Review: “Spider-Man: No Way Home” – Closing off the year with one of the best MCU films… ever!


Ben Kaiser, News Editor

Editor’s note: This article contains spoilers for the “Spider-Man: No Way Home” movie.

When we left our hero last time, poor Peter Parker’s secret identity was revealed to the world and framed for murder. His friends and family are targets of the government, and his social life as a teenager is now ruined! How far will Spider-Man go to repair the growing publicity problems? Will he change identities? Be forced to hide in space? Make a deal with the devil? Brainwash the world with magic mumbo-jumbo?

As Dr. Strange warns, “Be careful what you wish for.”

“Spiderman: No Way Home” is a sequel to “Spider-Man: Homecoming” and “Spider-Man: Far from Home.” It’s also the latest addition in the Marvel Cinematic Universe, or MCU. While the rights remain with Sony Pictures, Marvel has kept a deal with them using the Spider-Man character and story.

“Spider-Man: No Way Home” is directed by Jon Watts. Watts has been behind the other two MCU Spider-Man movies. Before Marvel, Watts wrote and directed “Clown,” a horror film about a demonic clown suit, and “Cop Car,” a crime thriller about kids hijacking a corrupt cop’s car. Watts’ films covered a variety of genres but have stuck with superheroes since “Spider-Man.” Even now, Watts is working on the upcoming “Fantastic Four” film for the MCU.

“Spider-Man: No Way Home” stars Tom Holland (“Cherry”) as Peter Parker/Spider-Man, Zendaya (HBO’s “Euphoria”) as MJ, Jacob Batalon (“North Woods”) as Ned Leeds, and J.K. Simmons (“Whiplash”) as J. Jonah Jameson. Benedict Cumberbatch (BBC’s “Sherlock”) returns as Dr. Stephen Strange from “Doctor Strange.”

The film starts right where “Far from Home” ended. Mysterio post-humorously sent a video to the world revealing Peter Parker as Spider-Man. The resulting consequences affect his teenage life and everyone around him. Desperate to repair Mysterio’s damages, Parker does what any student of science would do: he finds the MCU magician, Dr. Strange, to fix everything with magic!

However, the spell causes supervillains from parallel universes (non-MCU Spider-Man movies) to pop up in New York, instead. Before Strange can reverse the spell, Parker learns that most of them died fighting their version of Spider-Man. Standing on strong morality, Parker has to find a way to save the villains from destined death without them trying to kill him first. Oh, and before the corrupt spell tears the fabrics of reality apart.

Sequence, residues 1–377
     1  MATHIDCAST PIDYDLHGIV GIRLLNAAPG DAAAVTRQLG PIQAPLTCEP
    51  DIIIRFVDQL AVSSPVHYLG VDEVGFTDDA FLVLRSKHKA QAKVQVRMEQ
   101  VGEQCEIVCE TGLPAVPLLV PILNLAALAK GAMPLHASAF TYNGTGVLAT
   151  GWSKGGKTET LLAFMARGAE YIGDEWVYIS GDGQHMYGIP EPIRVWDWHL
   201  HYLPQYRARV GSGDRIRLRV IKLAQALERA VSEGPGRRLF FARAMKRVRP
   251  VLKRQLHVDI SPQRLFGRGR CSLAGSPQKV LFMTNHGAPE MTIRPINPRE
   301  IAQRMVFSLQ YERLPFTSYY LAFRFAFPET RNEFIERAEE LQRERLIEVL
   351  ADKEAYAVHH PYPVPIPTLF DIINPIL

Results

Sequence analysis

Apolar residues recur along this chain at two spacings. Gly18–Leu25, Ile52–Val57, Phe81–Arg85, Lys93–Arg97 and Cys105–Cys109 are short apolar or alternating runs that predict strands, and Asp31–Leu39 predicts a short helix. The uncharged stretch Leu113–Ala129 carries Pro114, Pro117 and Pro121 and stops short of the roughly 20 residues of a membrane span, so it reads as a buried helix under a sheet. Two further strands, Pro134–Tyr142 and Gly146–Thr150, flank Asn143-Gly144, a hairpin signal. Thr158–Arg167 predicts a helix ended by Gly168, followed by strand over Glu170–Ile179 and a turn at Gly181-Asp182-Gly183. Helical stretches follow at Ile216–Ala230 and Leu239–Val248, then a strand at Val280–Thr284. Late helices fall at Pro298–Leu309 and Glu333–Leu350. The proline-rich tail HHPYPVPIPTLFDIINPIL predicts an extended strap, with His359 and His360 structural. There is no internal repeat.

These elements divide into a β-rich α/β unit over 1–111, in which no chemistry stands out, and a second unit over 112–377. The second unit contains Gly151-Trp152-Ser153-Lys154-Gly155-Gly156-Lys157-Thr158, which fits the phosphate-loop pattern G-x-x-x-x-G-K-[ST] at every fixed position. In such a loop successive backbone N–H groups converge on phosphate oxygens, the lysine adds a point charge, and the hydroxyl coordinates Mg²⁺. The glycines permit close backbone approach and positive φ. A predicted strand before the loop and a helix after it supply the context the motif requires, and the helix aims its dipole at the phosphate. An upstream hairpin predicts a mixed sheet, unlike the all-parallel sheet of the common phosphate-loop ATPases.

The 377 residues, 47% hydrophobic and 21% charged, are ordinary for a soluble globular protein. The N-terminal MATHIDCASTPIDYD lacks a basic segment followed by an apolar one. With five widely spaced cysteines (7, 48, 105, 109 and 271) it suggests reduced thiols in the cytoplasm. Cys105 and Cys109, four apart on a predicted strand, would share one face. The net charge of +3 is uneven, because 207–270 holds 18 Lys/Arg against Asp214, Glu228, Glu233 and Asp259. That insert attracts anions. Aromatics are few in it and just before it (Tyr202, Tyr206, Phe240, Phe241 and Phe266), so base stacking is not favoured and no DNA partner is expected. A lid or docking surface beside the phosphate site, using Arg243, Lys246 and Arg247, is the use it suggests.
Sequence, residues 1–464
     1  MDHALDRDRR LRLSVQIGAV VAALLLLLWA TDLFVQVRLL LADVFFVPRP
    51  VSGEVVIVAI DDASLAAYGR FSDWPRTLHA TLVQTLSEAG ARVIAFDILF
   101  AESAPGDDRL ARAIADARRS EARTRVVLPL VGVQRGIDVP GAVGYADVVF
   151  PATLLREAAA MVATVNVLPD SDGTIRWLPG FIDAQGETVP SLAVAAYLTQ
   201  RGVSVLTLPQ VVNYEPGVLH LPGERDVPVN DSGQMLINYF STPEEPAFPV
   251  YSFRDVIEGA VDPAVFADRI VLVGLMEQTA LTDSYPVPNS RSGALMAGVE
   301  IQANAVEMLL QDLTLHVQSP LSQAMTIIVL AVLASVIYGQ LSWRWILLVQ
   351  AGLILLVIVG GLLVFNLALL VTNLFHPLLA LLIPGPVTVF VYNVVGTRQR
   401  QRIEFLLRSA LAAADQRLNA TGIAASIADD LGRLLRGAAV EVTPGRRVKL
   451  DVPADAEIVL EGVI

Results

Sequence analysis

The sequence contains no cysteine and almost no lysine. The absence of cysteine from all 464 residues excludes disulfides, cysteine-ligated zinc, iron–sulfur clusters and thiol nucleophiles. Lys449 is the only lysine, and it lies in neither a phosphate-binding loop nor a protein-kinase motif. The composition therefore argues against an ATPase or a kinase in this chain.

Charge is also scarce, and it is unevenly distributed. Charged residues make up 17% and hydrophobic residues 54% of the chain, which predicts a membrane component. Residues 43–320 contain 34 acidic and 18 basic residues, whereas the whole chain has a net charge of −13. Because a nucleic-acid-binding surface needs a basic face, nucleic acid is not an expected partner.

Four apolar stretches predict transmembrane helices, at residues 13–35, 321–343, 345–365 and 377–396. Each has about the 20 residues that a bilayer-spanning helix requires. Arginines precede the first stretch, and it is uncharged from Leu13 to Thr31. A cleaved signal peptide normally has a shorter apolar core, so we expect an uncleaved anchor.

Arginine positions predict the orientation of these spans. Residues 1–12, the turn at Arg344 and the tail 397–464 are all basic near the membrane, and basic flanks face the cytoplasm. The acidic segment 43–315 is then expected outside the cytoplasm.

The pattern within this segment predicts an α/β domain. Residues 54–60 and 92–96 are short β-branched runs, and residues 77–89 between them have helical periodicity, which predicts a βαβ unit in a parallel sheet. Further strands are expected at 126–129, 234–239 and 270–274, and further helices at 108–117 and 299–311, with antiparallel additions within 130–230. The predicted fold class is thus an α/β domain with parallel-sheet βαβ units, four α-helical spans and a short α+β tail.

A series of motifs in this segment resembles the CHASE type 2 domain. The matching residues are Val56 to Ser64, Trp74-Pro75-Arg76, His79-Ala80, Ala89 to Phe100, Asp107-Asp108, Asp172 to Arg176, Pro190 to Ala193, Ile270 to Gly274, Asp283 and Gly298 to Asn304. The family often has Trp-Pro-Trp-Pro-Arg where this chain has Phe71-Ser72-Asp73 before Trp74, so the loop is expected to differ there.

And that’s as much as I can say about the story without giving up spoilers that the movie trailers didn’t already give away. So I’m trying to stick with what the movie trailers already gave away. This isn’t easy.

Man, was this a great movie to watch. The story starts off complicated, dealing with the aftermath of “Far from Home.” As Parker continues trying to solve problems, he further complicates things until he is left with a difficult choice. It’s safe to say that there is nothing simple to this plot. Even in the end, the road continues to be a hard path for Parker. It truly shows the struggle of trying to balance a normal life and being a superhero. I felt for Spidey on this one. I know that might not sound like a happy ending, but it is. It’s just more of a bittersweet type.

In a rare movie experience, the Spider-Man villains bring back the same actors from the earlier films. Alfred Molina (“Frida”) returns as Otto Octavius/Doctor Octopus, Willem Dafoe (“Platoon”) as Norman Osborn/Green Goblin, and Thomas Haden Church (“Sideways”) as Flint Marko/Sandman from the Sam Raimi “Spider-Man” films. Jamie Foxx (“Ray”) and Rhys Ifans (“Notting Hill”) return as Max Dillon/Electro and Curt Connors/The Lizard, respectively, from Marc Webb’s “The Amazing Spider-Man” films. Honestly, it’s nothing short of amazing that they were able to get all of them back.

I know that this is a comic movie, centered on specialized fight scenes and special effects, but the acting in this is great. Tom Holland has been great in just about every movie, but man, does he go through some things in this one. If you add in the previous Spider-Man movies, his character has gone through a long character arc of wanting to be an Avenger to taking the great responsibilities of being a true hero.

The villain actors all get their moments, too. Dafoe continues his character’s struggle with the duality of Osborn’s and Green Goblin’s personalities while Molina’s Doc Ock struggles with his tentacles controlling his mind. Foxx’s Electro gets a wanting for more power with this universe’s more advanced technology. Church’s Sandman and Ifan’s Lizard are more just in for the ride, but they still hold importance for the plot.

There’s also significance to this move. It makes the earlier incarnations of the Spider-Man movies relevant to the ever-growing MCU. I think most viewers moved on after the MCU rebooted Spider-Man with the Tom Holland version. But this film shows that these two separate storylines exist with this one, in a parallel universe within the Multiverse that the MCU established. This can be a potential for other films to connect to future MCU stories, like for example, Nicholas Cage’s “Ghost Rider,” Ryan Reynold’s “Deadpool,” or the “X-Men” movies could crossover.

As per Marvel tradition, “No Way Home” ends with a mid- and post-credit scene. The mid-credit scene is more fan service for non-MCU Marvel fans (you’ll see), while the post-credit scene is a movie trailer for an upcoming Marvel sequel. Both end with big surprises!

“Spider-Man: No Way Home” is currently playing in theaters.